A minimal nginx base image rebuilt every night from source.
On May 3 2023 the Chainguard nginx image was rebuilt with several improvements, including
breaking changes. You may need to take action to update your application.
Specifically, the config file was changed to bring the default configuration closer to that of
official nginx image. If you override the config with a custom configuration, you should not be affected.
The changes included:
If you are unable to update currently, you can use the last build of the previous image e.g:
docker pull cgr.dev/chainguard/nginx@sha256:bcc6b0d052298112e4644b258de0fa4dc1509e3df8f7c0fba09e8c92987825e7
This digest corresponds to nginx version 1.24.0. This image is not updated and you should migrate to the
new configuration as soon as possible.
The image is available on cgr.dev:
docker pull cgr.dev/chainguard/nginx:latest
To try out the image, run:
docker run -p 8080:8080 cgr.dev/chainguard/nginx
If you navigate to localhost:8080, you should see the nginx welcome page.
To run an example Hello World app, navigate to the root of this repo and run:
docker run -v $(pwd)/examples/hello-world/site-content:/usr/share/nginx/html -p 8080:8080 cgr.dev/chainguard/nginx
If you navigate to localhost:8080, you should see Hello World from Nginx!.
Hello World from Nginx!
To use a custom nginx.conf you can mount the file into the container, being sure to edit the -p 8080:8080 published port(s) to match your configuration’s listen directive:
docker run -v $(pwd)/$CUSTOM_NGINX_CONF_DIRECTORY/nginx.conf:/etc/nginx/nginx.conf -p 8080:8080 cgr.dev/chainguard/nginx
If you want to run with read-only filesystem, you will need to mount the /var/run and
/var/lib/nginx/tmp directories. The easiest way to do this is with --tmpfs e.g:
docker run \
--tmpfs /var/lib/nginx/tmp/ --tmpfs /var/run/ \
Starting the container gives the following warning:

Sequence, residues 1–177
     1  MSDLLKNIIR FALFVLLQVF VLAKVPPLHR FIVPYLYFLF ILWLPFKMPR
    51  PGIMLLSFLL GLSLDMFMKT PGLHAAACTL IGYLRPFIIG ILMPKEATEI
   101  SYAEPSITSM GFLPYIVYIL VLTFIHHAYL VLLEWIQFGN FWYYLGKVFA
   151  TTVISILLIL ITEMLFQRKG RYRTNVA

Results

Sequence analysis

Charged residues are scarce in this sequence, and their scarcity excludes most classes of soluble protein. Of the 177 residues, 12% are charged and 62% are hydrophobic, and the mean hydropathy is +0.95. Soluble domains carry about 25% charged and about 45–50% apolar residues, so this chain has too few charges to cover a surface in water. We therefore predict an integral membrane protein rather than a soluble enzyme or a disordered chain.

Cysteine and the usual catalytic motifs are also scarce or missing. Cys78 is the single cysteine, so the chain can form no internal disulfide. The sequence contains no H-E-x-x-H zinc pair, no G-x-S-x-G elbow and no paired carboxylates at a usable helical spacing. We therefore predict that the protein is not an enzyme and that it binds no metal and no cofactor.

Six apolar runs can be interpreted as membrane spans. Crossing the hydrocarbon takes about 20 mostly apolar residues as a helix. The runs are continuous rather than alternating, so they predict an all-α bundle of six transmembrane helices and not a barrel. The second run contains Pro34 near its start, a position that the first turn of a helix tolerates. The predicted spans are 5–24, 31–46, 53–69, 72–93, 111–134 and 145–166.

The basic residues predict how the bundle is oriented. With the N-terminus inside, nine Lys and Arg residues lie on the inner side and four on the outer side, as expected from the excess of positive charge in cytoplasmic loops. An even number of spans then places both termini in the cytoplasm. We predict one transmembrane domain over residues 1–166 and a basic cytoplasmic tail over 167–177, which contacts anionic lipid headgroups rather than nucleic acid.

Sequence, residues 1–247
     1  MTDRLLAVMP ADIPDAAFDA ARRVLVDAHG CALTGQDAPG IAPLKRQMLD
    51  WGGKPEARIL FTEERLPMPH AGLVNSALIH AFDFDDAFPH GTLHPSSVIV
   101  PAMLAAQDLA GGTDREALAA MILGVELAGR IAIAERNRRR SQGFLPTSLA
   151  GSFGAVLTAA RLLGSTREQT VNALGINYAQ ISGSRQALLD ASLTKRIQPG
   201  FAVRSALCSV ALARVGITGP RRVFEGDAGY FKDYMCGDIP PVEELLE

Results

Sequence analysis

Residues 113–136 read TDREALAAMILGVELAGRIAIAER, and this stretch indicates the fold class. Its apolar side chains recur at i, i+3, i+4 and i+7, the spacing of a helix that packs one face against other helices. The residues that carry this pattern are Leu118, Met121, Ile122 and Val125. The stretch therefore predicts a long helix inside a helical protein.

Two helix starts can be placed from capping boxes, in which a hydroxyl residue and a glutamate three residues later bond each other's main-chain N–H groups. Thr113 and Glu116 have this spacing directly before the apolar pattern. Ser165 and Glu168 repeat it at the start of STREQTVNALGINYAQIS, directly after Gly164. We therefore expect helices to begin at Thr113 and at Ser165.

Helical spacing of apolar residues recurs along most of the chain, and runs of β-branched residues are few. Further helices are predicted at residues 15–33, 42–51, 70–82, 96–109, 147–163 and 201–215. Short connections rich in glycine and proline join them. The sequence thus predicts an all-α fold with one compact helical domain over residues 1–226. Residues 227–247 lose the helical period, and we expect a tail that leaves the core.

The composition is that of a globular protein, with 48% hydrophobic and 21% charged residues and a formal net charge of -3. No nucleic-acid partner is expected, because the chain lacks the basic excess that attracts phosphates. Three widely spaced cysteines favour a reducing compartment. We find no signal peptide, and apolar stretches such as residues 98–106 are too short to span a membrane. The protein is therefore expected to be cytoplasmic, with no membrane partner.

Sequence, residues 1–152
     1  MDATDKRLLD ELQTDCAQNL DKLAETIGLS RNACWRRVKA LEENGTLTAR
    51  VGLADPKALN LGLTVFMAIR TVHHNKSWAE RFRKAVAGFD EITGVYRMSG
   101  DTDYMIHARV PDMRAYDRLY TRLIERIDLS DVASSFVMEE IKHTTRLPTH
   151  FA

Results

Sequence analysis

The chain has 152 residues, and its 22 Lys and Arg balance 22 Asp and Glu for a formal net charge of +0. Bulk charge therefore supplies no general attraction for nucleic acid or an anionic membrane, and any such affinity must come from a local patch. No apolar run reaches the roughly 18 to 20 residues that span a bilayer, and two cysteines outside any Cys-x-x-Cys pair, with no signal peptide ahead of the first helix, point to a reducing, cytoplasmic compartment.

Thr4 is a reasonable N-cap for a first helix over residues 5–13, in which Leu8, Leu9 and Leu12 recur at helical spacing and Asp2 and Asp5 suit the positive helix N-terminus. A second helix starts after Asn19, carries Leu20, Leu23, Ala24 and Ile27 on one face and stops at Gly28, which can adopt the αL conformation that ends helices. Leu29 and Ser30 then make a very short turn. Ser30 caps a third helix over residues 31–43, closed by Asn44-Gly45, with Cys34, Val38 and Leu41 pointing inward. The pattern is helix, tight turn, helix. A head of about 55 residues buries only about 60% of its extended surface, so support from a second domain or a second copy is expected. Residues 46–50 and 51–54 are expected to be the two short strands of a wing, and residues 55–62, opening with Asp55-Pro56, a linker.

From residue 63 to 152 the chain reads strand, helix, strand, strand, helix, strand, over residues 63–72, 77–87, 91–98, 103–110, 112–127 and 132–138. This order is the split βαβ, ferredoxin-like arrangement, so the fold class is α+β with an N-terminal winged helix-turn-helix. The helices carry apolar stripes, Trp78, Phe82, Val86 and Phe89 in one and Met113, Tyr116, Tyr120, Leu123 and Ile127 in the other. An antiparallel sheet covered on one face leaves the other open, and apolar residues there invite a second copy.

nginx: [warn] the "user" directive makes sense only if the master process runs with super-user privileges, ignored in /etc/nginx/nginx.conf:2
The warning is telling us container is already running as the named user, so it doesn’t have
anything to do. If the container is run as root, it would switch to the named user. We decided to
leave this configuration in despite the warning for anyone that runs with --user switch in Docker
or an equivalent.
Where possible, the image tries to stay close to Docker official image configuration. However our
image strives for minimalism and the default image does not include a shell or package manager,
meaning it isn’t possible to achieve an identical configuration. In this section we outline the
To support the change to an unprivileged user, the default port was moved to 8080, contrasting with
port 80 used by the official image.
The official Docker image checks for the existence of /proc/net/if_inet6 and automatically listens
on [::]:80 if it exists. For simplicity, we only listen on IPv4, but IPv6 support can be easily
added by mounting a config file with a section such as:
Note that the default config has the relevant section at /etc/nginx/conf.d/default.conf
The official Docker image starts as the root user and forks to a less privileged user. By contrast,
our image starts up as a less priviliged user and no forking is required. For most users this
shouldn’t make a difference, but note the “User Directive Warning” above.
The Docker official image has support for setting environment variables that get substitued into the
config file. Currently we do not have support for this, but are looking into options.